What makes a good golf lesson?

What makes a good golf lesson?


We asked a collection of PGA Professionals, male and female, what goes into getting the most out of their pupils.

Katie Dawkins, Advanced PGA Professional 

A good golf lesson should leave the pupil satisfied that they understand what they are doing wrong and why. They should go away with a simple swing thought and drill to improve. It should seem straightforward and doable. There should not be the slumping back into the car totally overloaded with technical jargon. This isn’t an effective lesson or one that is going to transform that persons game. 

Apart from keeping it logical, the golfer should feel uplifted with a spring in the step and inspired to get practising as they have been truly led to believe they can be better. 

I gave a lesson to a gentleman in his 70s recently. He has about 12 swing thoughts going on in the downswing alone. Totally overloaded with information and under the impression he can think about all these things and actually make contact with the ball. He really wasn’t making contact with the ball unsurprisingly. He had had a lesson recently from a pro who had told him he was too old and he shouldn’t expect to get any better. My language in reacting to this was somewhat fruity. How dare somebody be not only so offensive but totally take any miniature breeze from that man’s sails of confidence and drown any self-esteem he may have had. I was shocked! 

Our lesson ended with him feeling like he had a bright future and perhaps his expectations of how he had to improve were the unrealistic element. His ability to improve lay in a simplified approach and thus his game and his mood as lifted.

That’s what a golf lesson should be about, lifting the pupil’s confidence and enhancing their enjoyment of this wonderful game. With this should come an effortless level of improvement and a big old thank you to the pro who delivered that lesson as they book in for the next one. After all who doesn’t love a good old feel-good boost every so often.

And a good lesson should firstly be focussing on what costs that golfer the most shots, the weakest part of their game or what they’ve asked to work on. Not just a studio session to show off new technology. It should leave the pupil satisfied that they understand what they are doing wrong and why.

Tom Reid, Sunningdale Heath Golf Club

A good lesson has to meet the needs of the student, Every student books a lesson for a reason, there might be a swing position they’re desperate to hit or a shot they cannot hit! Our job as coach is to question and dig around until we find what that goal is, once identifying the goal, we measure and analyse the faults that’s stopping the player achieve their goals. To find the fix a coach has to be armoured with an extensive knowledge of all technical influences, a variance of feels, visuals and even teachings aids to assist, whilst having a chameleon-like coaching style, adapting to the student’s learning style and capabilities as a player which keeps the training at the right level for the student and ensures the lesson momentum is positive.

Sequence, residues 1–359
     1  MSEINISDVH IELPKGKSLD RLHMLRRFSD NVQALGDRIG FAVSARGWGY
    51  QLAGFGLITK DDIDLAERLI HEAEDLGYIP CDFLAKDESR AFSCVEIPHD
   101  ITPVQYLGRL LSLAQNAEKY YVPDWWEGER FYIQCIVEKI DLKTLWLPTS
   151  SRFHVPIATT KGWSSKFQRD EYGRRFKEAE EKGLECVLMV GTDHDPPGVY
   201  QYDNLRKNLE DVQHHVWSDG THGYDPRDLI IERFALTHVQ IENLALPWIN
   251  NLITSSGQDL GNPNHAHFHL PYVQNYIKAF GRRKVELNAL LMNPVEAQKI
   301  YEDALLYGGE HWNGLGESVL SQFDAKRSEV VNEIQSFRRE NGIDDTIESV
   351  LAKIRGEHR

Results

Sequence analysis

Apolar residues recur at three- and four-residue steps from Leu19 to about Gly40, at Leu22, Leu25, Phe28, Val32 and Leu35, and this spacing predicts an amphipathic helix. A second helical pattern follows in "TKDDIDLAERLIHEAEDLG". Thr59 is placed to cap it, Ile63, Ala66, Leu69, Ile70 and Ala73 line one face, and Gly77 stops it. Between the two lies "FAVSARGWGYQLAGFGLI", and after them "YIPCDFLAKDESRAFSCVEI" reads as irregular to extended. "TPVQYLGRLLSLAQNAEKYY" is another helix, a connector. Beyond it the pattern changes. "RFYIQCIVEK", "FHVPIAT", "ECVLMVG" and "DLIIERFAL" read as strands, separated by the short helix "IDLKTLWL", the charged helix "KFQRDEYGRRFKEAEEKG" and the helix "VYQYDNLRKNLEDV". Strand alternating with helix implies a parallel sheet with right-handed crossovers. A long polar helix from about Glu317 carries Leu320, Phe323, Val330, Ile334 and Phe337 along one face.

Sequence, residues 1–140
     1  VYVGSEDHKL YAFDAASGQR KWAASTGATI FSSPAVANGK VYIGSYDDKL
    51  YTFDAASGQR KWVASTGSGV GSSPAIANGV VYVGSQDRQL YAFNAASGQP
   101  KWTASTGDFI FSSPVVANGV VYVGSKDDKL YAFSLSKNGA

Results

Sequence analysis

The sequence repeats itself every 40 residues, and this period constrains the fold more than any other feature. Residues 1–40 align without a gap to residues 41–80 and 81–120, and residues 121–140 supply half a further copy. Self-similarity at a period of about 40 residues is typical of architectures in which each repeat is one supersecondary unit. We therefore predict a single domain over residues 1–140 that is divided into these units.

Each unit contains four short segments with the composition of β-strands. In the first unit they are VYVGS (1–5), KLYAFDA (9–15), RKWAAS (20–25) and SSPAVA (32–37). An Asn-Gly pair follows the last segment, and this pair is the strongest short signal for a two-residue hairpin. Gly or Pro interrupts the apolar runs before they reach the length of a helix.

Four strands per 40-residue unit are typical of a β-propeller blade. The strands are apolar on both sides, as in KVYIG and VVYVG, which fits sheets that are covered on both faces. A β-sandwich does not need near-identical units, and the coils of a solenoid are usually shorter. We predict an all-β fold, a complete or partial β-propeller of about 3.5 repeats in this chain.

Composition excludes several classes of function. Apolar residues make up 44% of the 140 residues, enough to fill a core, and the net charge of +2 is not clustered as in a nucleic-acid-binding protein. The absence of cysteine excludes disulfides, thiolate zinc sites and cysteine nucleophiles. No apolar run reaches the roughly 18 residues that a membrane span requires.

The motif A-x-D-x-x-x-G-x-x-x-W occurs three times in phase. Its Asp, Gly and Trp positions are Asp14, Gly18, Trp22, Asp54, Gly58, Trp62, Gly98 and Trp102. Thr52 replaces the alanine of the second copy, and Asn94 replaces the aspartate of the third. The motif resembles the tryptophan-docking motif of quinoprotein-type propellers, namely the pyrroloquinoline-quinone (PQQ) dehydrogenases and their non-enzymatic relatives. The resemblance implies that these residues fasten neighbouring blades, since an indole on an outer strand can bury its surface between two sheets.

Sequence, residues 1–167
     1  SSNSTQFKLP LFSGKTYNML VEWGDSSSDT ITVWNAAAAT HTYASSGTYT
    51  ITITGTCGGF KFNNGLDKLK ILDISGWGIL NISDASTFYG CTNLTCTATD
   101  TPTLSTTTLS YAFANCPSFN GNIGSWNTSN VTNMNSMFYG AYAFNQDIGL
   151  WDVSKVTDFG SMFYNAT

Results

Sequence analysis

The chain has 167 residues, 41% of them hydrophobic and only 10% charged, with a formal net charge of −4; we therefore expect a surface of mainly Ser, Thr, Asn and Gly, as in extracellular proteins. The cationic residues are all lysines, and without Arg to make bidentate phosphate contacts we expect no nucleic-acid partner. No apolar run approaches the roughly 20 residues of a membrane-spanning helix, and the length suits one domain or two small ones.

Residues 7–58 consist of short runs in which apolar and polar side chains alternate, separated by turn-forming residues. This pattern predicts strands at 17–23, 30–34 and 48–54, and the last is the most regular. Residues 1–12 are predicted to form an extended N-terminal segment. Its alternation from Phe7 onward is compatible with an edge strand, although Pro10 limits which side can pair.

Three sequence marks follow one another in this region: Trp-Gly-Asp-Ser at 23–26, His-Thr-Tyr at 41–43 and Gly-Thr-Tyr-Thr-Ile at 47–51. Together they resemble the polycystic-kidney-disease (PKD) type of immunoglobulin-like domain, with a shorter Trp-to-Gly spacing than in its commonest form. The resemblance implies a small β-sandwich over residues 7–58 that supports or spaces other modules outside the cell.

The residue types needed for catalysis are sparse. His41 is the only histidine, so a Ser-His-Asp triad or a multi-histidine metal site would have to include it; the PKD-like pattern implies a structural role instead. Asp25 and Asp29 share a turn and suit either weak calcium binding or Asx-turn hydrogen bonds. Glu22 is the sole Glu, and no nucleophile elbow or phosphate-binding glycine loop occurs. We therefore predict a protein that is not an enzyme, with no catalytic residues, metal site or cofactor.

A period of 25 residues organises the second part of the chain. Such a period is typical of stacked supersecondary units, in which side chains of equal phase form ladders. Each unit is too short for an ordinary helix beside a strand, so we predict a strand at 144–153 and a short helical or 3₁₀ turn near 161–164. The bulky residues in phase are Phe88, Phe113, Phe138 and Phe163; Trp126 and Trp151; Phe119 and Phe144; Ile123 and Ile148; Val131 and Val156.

The coach should always track progress, before, during and after the lesson so the student can see their progress, this is crucial to motivation! There must be total transparency between coach and student. The student has to feel they have achieved their goals during the lesson or least have a clear way forwards, I like to give my students a summary of the lesson to take away, this ensures the student stays on track during practice time and also keeps a nice time line of progression. I want all students to leave the teaching room motivated and clear in their minds on what they need to do to achieve their personal goals and I always remind them I am here for them for support.

Keys to a successful lesson in summary:

  • Highlighting the purpose of the lesson
  • Mutually agree the way forwards
  • Measure progress for coach/student transparency
  • Have clear mini goals to achieve end goal  
  • Ensure your learning style is fully understood
  • Have a lesson summary to take away
  • Leave happy and motivated!

Ben Emerson, Sand Martins Golf Club

Every golfer should leave each lesson absolutely buzzing, with the feeling they cannot wait to get to back onto the range or out on the course. As a coach, giving them the confidence in both their swing and mindset, is key to seeing better results out on the course. Getting onto the course provides the opportunities to see more ‘real life’ golf, more than just ‘golf swings’ and, seeing how a golfer actually handles the pressure of the course, tell us far more that what we see in the coaching bay.

Over the years I have been very fortunate to work with not only amateurs and professionals, but also global superstars like Robbie Williams. I promise you every one of them get nervous on the 1st tee. It is very refreshing to think even someone who has performed on stage in front of thousands of people, can be levelled and made to feel very nervous by hitting a small white ball around a field!

Take the time to play a few holes with all of your students, put them under pressure, and give them the tools and confidence to show off in front of their friends and enjoy this beautiful struggle known as golf! 

As Jack Nicklaus used to say ‘Don’t be too proud to take lessons, I’m not’.